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Mind the skills gap 

The Buffalo Billion led to some big money, high-profile economic development projects in the Buffalo area. But the region's leaders say that the effort has also helped workforce development.

As the leaders developed detailed plans for investing the state money, they learned that key industries in the region faced shortages of qualified workers. They studied those gaps and developed or reconfigured training programs to build supplies of appropriately-skilled workers.

The approach has helped people find jobs, officials say, and helped companies fill positions.

State officials say that they want other regions to take a similar approach as part of Governor Andrew Cuomo's Upstate Revitalization Competition. The seven Upstate regions — the Buffalo area is excluded — will submit plans showing how they'd invest one of the three $500 million awards that are up for grabs. (The competition is included in the budget deal reached by Cuomo and state legislators earlier this week.)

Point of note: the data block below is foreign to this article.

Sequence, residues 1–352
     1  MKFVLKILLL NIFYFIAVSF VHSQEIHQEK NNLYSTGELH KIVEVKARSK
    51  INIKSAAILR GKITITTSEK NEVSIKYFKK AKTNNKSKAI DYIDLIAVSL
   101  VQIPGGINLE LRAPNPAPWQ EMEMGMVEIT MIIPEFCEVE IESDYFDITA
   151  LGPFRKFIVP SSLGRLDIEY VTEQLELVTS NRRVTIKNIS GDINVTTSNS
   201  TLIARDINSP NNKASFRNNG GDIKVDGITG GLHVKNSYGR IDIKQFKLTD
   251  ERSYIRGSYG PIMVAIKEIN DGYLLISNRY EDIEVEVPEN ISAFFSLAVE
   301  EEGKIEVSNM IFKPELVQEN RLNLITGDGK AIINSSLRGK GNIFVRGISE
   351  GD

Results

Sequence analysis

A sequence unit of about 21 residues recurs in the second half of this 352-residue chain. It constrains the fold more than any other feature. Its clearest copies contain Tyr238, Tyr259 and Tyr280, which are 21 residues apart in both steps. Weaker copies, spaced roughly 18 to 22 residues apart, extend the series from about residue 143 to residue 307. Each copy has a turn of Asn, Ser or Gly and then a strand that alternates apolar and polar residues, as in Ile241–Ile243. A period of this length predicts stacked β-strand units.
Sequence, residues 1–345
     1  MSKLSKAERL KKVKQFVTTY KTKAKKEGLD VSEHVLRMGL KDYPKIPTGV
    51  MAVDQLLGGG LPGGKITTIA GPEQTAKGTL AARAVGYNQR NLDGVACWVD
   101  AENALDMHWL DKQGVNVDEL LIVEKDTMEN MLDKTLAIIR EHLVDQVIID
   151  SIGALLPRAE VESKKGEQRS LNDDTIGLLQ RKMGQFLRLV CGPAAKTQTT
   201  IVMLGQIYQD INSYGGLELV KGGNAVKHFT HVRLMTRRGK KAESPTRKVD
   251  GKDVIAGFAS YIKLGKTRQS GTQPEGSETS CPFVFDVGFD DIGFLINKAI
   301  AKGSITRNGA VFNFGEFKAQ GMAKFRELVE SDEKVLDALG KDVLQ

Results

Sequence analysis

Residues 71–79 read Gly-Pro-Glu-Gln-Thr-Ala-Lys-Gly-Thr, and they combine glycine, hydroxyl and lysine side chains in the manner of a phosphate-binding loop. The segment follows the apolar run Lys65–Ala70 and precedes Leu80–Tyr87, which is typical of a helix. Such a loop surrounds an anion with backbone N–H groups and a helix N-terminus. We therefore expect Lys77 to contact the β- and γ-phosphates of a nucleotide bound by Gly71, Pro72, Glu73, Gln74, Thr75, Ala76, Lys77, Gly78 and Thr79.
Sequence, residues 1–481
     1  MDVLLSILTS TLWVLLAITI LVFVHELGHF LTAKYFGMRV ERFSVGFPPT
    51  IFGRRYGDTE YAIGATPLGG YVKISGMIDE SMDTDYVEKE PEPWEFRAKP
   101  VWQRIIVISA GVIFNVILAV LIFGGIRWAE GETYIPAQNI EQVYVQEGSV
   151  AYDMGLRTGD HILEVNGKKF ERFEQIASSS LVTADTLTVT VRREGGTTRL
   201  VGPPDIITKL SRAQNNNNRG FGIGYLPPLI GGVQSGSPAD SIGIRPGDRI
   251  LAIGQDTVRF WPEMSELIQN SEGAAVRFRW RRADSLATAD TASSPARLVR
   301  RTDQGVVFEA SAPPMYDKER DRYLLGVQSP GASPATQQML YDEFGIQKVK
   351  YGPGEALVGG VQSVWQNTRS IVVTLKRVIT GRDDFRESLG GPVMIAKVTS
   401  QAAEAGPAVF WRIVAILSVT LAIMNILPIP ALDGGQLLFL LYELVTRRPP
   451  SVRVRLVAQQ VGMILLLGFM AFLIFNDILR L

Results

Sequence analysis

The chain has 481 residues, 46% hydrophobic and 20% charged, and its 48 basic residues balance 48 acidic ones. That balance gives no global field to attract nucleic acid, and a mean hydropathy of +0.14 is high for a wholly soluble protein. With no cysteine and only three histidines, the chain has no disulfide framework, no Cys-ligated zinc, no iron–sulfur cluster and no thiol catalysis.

A recent report from Monroe Community College may give the Finger Lakes region an edge in the competition. The report looks at 23 middle-skills jobs across five key areas: information and computer technology, hospitality and tourism, health care, skilled trades, and advanced manufacturing.

The report lays out the estimated annual demand for each position, and the projected number of related graduates from training programs across the region.

It's meant to help MCC align its training programs with the needs of employers in the Rochester region, says Todd Oldham, MCC's vice president of Economic Development and Innovative Workforce Services.

"There's a lot of great opportunities in things that have become somewhat obscure, but could be really terrific occupations if you like to work with your hands and you like to be inventive or even entrepreneurial," Oldham says.

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